What power the written word can have and how do the chosen few become authors of acclaim? What makes us react to a book that is over twenty years old? Or, perhaps it continues to grab us because it has shared twenty years of our lives and personal history. Through our ups and downs, fiction sustains us and allows us an escape wherever we may be. Such is the power of a well-written book.

Brought to film by Tall Ship Productions’ Ronald D. Moore and Maril Davis, gorgeously costumed by Terry Dresbach, and lovingly brought to life by the incandescent Sam Heughan and Catriona Balfe, Outlander has captured the hearts and minds of fans all over again. Lovingly, reverently, respectfully and faithfully, the words float in and out of our consciousness as we hear them again in the actors’ timbre. Adapted for television, the screenplay writers work to stay true to the power of the original words and the original vision of Diana Gabaldon’s pen to paper. With such adamant and ardent fans, the Outlander writers have no small task, but endeavor to achieve that separate peace in each episode.

What magic makes us want to carry these stirring words with us and need to share the deep passionate connection with others? There is an alchemy that exists within a writer’s hands to create a book that owns a piece of our soul over time. It is powerful and ephemeral, demanding and urgent, deserving to be written before it scatters away.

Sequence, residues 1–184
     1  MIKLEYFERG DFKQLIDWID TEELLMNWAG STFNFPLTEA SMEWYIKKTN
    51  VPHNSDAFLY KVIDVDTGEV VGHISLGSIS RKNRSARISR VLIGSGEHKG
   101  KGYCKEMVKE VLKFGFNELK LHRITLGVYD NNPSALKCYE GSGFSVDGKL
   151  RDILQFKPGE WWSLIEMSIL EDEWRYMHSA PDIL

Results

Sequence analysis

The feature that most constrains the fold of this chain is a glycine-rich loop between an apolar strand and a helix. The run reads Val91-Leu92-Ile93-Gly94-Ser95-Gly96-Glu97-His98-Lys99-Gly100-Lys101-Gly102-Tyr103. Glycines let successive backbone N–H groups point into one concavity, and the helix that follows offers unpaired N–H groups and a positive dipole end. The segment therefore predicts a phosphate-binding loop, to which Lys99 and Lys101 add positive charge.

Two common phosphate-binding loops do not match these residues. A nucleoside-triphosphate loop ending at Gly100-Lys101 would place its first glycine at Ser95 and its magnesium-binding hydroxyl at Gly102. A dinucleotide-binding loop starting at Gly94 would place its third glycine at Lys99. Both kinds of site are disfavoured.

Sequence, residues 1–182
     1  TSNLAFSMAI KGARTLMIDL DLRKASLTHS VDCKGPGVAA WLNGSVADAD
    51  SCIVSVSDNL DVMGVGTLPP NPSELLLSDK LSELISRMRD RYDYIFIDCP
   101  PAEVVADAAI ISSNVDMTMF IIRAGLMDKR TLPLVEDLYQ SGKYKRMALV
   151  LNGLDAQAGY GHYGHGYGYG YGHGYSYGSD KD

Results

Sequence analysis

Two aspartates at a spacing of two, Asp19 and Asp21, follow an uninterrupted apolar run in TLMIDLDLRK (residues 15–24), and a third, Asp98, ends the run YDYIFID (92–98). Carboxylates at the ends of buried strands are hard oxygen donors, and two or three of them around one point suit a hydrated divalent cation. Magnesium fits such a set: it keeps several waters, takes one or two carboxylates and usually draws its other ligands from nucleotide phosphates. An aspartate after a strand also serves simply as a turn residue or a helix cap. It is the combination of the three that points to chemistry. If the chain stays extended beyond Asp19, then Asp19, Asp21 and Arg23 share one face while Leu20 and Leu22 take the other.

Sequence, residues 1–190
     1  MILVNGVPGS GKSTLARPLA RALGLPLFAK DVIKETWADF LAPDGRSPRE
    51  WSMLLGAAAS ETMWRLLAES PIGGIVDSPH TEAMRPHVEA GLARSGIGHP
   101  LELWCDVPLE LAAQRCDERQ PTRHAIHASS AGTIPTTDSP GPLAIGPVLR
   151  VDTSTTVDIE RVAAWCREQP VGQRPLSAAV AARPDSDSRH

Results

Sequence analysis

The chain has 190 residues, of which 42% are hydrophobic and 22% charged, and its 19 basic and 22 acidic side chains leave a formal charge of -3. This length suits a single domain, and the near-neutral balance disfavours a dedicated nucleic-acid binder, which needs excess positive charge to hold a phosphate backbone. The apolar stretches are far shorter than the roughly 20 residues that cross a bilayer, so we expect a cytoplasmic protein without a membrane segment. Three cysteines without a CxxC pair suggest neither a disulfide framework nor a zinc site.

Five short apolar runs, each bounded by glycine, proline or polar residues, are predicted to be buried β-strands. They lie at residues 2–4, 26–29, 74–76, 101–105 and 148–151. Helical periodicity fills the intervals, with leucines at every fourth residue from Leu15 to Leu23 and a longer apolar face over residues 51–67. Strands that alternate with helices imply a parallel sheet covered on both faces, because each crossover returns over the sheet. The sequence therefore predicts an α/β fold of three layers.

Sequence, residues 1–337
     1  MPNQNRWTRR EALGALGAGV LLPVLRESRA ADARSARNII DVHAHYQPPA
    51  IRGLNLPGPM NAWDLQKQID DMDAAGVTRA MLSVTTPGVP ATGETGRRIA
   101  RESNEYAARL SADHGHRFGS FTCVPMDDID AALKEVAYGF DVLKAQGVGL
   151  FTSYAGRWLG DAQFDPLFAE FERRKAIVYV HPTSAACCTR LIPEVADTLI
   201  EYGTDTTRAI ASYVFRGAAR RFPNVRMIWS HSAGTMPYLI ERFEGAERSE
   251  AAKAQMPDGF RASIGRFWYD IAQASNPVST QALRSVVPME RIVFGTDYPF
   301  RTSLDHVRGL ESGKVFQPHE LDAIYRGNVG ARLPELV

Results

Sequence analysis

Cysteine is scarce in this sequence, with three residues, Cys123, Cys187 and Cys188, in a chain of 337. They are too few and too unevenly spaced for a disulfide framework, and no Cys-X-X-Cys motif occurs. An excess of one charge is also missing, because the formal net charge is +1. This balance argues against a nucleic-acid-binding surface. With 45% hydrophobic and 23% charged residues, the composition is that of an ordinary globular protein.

Books shape our lives and yet they all begin as one word on a blank page.

There is pleasure in putting words to paper and creating stories that stir our hearts and soothe our brains, shaping our thoughts into cohesive braids of imagination, creativity, fantasy, and drama. Whether a personal musing, or a view of a world not yet seen, a story is a dream of the seed that has not yet taken root.

Being thankful and appreciative of an author is not enough. It is only appropriate that we encourage, celebrate, and support writers and authors. I have great respect for the talented authors whom I know and the many who try to share to enhance the genre. There is no replacement, in any medium, for one who has the gifted ability to use words that conjure bliss within us that we did not know existed.

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Outlander 2014 Outlander 2014


“But just then, for that fraction of time, it seems as though all things are possible. You can look across the limitations of your own life, and see that they are really nothing. In that moment when time stops, it is as though you know you could undertake any venture, complete it and come back to yourself, to find the world unchanged, and everything just as you left it a moment before. And it’s as though knowing that everything is possible, suddenly nothing is necessary.”
― Diana Gabaldon, Outlander

Widely considered Scotland’s most photographed site, Eilean Donan Castle perches on an island at the meeting of three lochs in western Scotland. The island’s first castle was an early 13th-century fortification against raiding Vikings, and it’s been sacked and rebuilt several times. The most recent facelift was completed in 1932.

With appreciation and credit to

Thanks so much for stopping by! It means more than you know.